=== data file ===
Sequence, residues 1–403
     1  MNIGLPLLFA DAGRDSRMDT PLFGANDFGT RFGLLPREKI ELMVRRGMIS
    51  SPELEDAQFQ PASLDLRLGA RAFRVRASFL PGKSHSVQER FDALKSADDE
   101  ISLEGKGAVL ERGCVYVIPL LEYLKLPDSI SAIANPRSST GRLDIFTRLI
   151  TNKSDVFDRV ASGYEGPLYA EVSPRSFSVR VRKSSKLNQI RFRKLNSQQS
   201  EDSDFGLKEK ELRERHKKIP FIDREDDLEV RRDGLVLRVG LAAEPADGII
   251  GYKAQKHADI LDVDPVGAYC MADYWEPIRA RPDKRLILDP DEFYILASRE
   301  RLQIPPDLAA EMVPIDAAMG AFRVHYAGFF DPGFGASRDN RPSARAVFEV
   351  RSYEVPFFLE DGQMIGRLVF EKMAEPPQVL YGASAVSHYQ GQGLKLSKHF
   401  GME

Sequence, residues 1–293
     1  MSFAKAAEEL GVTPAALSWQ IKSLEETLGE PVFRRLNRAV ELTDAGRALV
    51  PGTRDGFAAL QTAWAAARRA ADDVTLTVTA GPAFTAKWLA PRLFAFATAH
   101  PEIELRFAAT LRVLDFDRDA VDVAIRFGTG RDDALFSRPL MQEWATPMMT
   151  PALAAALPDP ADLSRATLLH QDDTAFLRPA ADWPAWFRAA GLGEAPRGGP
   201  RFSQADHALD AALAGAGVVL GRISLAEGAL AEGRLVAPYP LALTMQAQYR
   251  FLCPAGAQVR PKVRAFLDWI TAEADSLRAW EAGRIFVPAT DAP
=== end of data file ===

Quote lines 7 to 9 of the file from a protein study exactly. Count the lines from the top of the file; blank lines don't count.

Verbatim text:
   251  GYKAQKHADI LDVDPVGAYC MADYWEPIRA RPDKRLILDP DEFYILASRE
   301  RLQIPPDLAA EMVPIDAAMG AFRVHYAGFF DPGFGASRDN RPSARAVFEV
   351  RSYEVPFFLE DGQMIGRLVF EKMAEPPQVL YGASAVSHYQ GQGLKLSKHF